The 56th annual Mass in honor of St. Martin de Porres drew hundreds of Catholic faithful from across the Archdiocese of Philadelphia on Monday night, Nov. 5 to the Cathedral Basilica of SS. Peter and Paul.
Some came to hear the preaching of Bishop Shelton J. Fabre of the Diocese of Houma-Thibodaux, Louisiana. Others sought inspiration from the sacred songs offered by the Philadelphia Catholic Gospel Mass Choir.
Most, however, were there to honor and pray for the intercession of St. Martin de Porres, a 16th century Peruvian son of a freed slave who was canonized in 1962.
“I am here because this is my chance to be at an observance of someone of African descent who paved the way for us,” said Naomi Richardson, a member of St. Malachy Parish in North Philadelphia. “We are here to recognize his pioneering spirit. St. Martin de Porres fostered that.”
The Mass also marked the start of National Black Catholic History Month, observed throughout November in the United States.
“This is my first St. Martin de Porres Mass,” said Nisa Pho, who is learning more about the Catholic faith through the RCIA classes at St. Athanasius Parish in the West Oak Lane section of Northwest Philadelphia. “My co-worker told me about it. She said that I would enjoy the experience because of my interest in the faith.”
It was Pho’s co-worker who shared her Catholic faith during breaks at their workplace. Pho, a San Diego native, said she has Catholic extended family who live in various parts of the Southwest.
“It was after I was invited to her church and everyone was so kind (that) I wanted to learn more about the faith,” Pho said. “That is why I plan to be baptized soon. So, I wanted to come to the cathedral for the first time and to learn more about St. Martin de Porres.”
Among those present were the Knights of Peter Claver and the Ladies Auxiliary, one of the oldest Catholic philanthropic groups founded by four African American priests in 1909.
Two busloads of parishioners came to the cathedral from two Northwest Philadelphia parishes, St. Athanasius and St. Raymond of Penafort.
The Mass was coordinated by the archdiocesan Office for Black Catholics under the direction of Father Richard N. Owens, O.F.M. Cap.
Toni Antoinette Reaves, the assistant coordinator for the event, was grateful to Father Owens and choir director Kenny Arrington for their collaborative efforts in planning the Mass. Choir members from several parishes met every Sunday afternoon for two hours at St. Raymond Church to prepare for the Mass, she said.
“For us St. Martin de Porres is like our Black bishop,” said Reaves. “He is being honored today for his stewardship, being a great servant and for his humility. He is a priest who showed great reverence for God.”
Reaves said many of those present have a special devotion to St. Martin de Porres. In addition to praying to St. Martin, Reaves also has special devotions to Augustus Tolton and Thea Bowman, two American Black Catholics whose cause for sainthood is underway.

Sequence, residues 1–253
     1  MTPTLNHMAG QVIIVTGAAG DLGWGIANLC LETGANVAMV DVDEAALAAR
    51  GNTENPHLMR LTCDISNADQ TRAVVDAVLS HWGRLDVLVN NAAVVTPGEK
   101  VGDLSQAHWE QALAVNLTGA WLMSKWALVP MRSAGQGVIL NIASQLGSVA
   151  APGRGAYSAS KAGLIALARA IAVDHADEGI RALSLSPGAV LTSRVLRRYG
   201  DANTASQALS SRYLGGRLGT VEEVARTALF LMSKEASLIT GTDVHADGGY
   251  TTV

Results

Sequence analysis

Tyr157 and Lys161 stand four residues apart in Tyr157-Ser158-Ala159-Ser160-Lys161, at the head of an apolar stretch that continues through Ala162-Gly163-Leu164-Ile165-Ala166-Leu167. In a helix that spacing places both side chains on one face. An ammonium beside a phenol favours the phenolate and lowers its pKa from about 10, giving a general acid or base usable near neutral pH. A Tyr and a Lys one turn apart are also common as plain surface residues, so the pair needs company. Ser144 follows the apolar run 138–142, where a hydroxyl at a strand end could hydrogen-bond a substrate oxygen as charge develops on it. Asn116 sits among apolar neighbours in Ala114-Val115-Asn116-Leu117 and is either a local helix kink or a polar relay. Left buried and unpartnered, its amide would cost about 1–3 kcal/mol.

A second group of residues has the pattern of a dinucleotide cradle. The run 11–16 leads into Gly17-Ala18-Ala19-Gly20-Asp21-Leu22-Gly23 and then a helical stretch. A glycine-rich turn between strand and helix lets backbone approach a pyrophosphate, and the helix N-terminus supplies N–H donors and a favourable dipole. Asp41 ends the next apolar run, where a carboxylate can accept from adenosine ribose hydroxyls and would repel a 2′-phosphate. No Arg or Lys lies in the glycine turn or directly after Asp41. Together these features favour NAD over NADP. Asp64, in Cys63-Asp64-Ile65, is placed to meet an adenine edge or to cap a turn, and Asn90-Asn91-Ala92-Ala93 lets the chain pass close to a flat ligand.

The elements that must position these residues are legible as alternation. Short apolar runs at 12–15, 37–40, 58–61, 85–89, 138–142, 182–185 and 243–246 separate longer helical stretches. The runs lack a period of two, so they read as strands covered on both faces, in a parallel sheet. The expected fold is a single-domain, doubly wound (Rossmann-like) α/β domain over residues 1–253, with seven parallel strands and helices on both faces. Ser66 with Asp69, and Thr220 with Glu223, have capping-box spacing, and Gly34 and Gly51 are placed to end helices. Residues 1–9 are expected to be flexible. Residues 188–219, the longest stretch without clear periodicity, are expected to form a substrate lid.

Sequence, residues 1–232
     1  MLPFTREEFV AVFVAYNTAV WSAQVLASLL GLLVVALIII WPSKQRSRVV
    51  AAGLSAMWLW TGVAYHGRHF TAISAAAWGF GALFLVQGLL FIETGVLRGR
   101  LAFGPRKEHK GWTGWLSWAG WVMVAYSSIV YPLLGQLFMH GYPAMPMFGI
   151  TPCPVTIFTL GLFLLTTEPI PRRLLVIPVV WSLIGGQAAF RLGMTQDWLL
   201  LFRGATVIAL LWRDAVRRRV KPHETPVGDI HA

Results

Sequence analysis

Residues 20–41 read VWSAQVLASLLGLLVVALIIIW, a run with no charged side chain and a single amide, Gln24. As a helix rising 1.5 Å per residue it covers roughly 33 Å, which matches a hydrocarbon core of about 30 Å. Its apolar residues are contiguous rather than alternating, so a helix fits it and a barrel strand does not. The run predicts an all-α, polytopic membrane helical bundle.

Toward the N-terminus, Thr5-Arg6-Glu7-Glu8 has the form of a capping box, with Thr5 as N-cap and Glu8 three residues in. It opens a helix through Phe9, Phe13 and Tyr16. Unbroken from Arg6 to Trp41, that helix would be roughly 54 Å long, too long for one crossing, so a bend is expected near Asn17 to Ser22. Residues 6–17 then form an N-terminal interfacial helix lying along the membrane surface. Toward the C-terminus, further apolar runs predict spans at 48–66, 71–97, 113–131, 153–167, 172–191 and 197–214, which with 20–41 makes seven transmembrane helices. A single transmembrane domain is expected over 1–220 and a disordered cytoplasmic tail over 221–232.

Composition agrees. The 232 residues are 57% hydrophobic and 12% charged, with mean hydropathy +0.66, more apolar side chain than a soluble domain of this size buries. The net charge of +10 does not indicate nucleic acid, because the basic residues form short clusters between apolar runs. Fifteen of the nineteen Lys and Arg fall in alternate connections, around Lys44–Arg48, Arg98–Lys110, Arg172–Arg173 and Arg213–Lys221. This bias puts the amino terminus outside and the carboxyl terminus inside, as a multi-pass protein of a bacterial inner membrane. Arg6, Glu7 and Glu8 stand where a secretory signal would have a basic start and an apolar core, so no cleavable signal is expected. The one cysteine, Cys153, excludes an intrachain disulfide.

“There are many different kinds of saints, but I do have a special place for St. Martin de Porres, too,” Reaves said.
After the scriptural readings from Philippians 4:4-9 read by Floretta Caudle and the singing of the Responsorial Psalm 131, the Gospel reading was proclaimed by Deacon Anthony Willoughby.
In his homily Bishop Fabre traced the life of St. Martin de Porres and how despite being reared in poverty without an intact family, he led a faithful life. The bishop said St. Martin’s focus was on God and helping others.
After the event, Father Owens said it was the first time an African American bishop presided over the St. Martin de Porres Mass in Philadelphia.
“Typically, the African American bishop is invited to preach, so the fact that Bishop Fabre presided and preached shows the commitment of our archbishop and the Philadelphia Archdiocese to the Office of Black Catholics,” said Father Owens. “Also, the immense turnout despite the weather shows the commitment of the local parishes to this event.”
St. Martin de Porres was born in Lima, Peru in 1579, the illegitimate son of a Spanish solider and an African freedwoman from Panama.
At a young age he entered the Dominican order as a lay brother and by 1603 had become a full-fledged Dominican brother. He was famous for his intercession to God for miracles, extreme acts of penance and long hours of prayer. His feast day is Nov. 3. He is the patron saint of African American Catholics, mixed-race people, innkeepers, barbers and public health workers.
November was chosen as Black Catholic History Month by the National Black Catholic Clergy Caucus of the United States in 1990, in part to coincide with St. Martin’s feast and the birthday of St. Augustine of Hippo, Nov. 13.
The Philadelphia Catholic Gospel Mass Choir was formed in 2014 in anticipation of the visit of Pope Francis to Philadelphia in 2015. The choir was so well-received that they decided to continue to perform during Black Catholic History Month and at the annual Soulful Christmas Concert at the Kimmel Center coming up Dec. 11. See the choir’s Facebook page here.
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